Another reason that triggered the Bolsheviks revolution which led to the seizing of power from the Provisional government was the involvement of the provisional government in World War I which resulted to economic retardation and poverty. Before the provisional government was put into place, Russia had huge amounts of financial resources directed towards military efforts and operations during the war. This had contributed greatly to the economic crisis and the tough living conditions of the Russian people. The people had expressed their opposition to the involvement of the government in the war. In addition, the Russian people demanded for good leadership and solutions to the economic crisis. To many citizens these would have been possible if the huge financial resources that Russia was using to fund military activities were directed towards economic revitalization.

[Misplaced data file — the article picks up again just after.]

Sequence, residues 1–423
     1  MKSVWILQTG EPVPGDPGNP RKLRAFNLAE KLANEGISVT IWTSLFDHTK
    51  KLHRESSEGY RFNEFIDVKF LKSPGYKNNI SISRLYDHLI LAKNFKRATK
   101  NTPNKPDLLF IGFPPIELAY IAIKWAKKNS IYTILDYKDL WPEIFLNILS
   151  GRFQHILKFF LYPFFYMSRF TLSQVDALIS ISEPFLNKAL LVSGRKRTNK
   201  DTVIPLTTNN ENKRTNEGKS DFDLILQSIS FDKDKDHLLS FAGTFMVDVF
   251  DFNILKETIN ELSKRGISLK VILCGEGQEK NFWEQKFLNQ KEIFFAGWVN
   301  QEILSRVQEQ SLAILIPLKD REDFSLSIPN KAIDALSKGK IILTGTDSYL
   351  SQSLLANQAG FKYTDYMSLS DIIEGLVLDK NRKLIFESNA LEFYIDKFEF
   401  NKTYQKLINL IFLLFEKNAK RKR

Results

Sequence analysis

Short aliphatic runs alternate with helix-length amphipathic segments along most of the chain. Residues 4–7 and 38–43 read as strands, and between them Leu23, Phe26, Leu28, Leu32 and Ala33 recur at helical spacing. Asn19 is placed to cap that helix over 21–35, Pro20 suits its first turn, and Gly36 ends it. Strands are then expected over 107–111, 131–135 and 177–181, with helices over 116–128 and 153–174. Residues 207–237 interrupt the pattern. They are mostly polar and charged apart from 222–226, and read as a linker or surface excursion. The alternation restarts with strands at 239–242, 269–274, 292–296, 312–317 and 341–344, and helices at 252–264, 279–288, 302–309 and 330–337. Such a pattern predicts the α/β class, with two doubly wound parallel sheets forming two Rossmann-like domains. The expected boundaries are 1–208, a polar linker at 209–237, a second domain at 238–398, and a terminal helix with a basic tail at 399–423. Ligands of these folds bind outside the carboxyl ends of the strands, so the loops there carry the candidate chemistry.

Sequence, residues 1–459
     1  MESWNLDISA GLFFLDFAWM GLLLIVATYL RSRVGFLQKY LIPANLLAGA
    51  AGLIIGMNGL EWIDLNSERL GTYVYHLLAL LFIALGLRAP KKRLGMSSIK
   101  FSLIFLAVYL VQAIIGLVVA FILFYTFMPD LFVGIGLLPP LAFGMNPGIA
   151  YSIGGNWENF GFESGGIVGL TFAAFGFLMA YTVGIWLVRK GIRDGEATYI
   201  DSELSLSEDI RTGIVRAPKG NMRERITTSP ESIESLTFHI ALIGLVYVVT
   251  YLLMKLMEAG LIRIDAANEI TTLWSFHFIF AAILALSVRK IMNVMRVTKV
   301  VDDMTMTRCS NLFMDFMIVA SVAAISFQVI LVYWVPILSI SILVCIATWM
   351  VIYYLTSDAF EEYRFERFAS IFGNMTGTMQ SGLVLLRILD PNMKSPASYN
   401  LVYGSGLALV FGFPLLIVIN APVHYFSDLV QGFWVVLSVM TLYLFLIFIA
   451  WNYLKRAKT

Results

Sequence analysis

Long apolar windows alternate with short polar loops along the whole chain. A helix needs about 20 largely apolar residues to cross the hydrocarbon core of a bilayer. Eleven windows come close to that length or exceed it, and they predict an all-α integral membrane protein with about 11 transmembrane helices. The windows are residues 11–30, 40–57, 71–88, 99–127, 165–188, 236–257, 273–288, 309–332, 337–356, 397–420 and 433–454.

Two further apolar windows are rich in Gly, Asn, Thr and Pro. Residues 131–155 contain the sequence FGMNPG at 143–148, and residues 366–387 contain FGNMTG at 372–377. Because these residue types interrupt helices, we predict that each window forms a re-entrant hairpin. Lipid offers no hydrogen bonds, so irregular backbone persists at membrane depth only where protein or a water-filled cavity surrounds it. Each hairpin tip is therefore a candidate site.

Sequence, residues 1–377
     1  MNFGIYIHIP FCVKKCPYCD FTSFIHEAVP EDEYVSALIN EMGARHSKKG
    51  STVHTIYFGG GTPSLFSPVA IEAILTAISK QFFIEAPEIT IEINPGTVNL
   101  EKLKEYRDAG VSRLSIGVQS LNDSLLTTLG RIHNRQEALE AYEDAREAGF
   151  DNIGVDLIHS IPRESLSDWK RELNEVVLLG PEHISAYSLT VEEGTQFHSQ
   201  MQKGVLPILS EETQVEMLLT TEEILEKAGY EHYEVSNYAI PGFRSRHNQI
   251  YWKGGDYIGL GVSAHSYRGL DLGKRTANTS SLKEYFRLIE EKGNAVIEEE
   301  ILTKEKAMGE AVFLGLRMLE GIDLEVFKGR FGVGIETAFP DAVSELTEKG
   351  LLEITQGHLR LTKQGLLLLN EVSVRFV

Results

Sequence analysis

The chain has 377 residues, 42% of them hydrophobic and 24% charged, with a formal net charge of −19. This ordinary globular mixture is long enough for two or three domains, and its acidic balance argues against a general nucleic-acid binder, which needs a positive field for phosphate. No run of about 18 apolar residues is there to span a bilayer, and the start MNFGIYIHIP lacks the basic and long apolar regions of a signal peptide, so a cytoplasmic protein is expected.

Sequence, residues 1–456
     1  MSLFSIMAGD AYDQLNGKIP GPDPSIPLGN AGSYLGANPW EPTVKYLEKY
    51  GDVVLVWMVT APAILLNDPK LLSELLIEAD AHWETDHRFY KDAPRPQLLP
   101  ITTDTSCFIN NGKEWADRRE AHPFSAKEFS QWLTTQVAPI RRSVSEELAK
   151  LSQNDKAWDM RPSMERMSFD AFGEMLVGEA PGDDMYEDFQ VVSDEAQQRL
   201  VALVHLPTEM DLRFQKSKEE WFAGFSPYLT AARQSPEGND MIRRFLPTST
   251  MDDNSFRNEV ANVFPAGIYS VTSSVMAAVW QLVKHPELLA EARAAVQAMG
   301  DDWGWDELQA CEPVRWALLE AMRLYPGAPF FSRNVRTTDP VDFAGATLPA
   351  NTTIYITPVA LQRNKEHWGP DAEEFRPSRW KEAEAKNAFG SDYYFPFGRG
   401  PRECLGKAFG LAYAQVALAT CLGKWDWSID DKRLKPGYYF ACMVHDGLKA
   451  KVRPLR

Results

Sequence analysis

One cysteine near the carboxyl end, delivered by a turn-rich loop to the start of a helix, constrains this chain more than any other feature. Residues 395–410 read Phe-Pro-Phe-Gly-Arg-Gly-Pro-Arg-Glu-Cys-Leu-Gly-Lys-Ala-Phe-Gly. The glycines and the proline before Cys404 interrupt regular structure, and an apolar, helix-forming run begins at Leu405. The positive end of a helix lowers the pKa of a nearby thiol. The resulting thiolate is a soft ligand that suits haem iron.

The provisional government which was established in 1917 was expected to end Russia’s involvement in the war. However, by July 1917, the government provided its support for the Allies during the World War I by launching attacks against the Austro-Hungarian and Germany military troops. This denied the provisional government the support of the Russian people. Instead, the government lost its popularity among the Russian people who were disappointed with its move. This marked the beginning of lack of support of the provisional government by the Russian people. The Petrograd Soviet and the Bolsheviks on the other hand earned more support and popularity from the people. Since the Russian people did not support the “Kerensky offensive”, they turned to the Bolsheviks and the Petrograd Soviet which they considered as likely to bring change in Russian leadership. The attack against the Provisional government continued. Furthermore, the provisional government involvement in the war triggered the Kornilov Coup. During this coup in 1917, General Kornilov who was then the Commander in Chief of the Russian Army tried to seize power from the provisional government. However, Kornilov never managed to seize power. The Kornilov Coup became an advantage to the Bolsheviks in seizing power due to the fact that the coup weakened the provisional government. The weakening of the government paved had the Bolsheviks seize power more easily during the October Revolution. In efforts to contain Kornilov, Kerensky’s provisional government had the Bolsheviks who had earlier been arrested in July during protests released to fight Kornilov. In addition, Kerensky had offered weapons to the Bolsheviks to counter Kornilov forces. These weapons are considered to have been used by the Bolsheviks during the October Revolution to seize power from the Provisional government (Robert, 1990).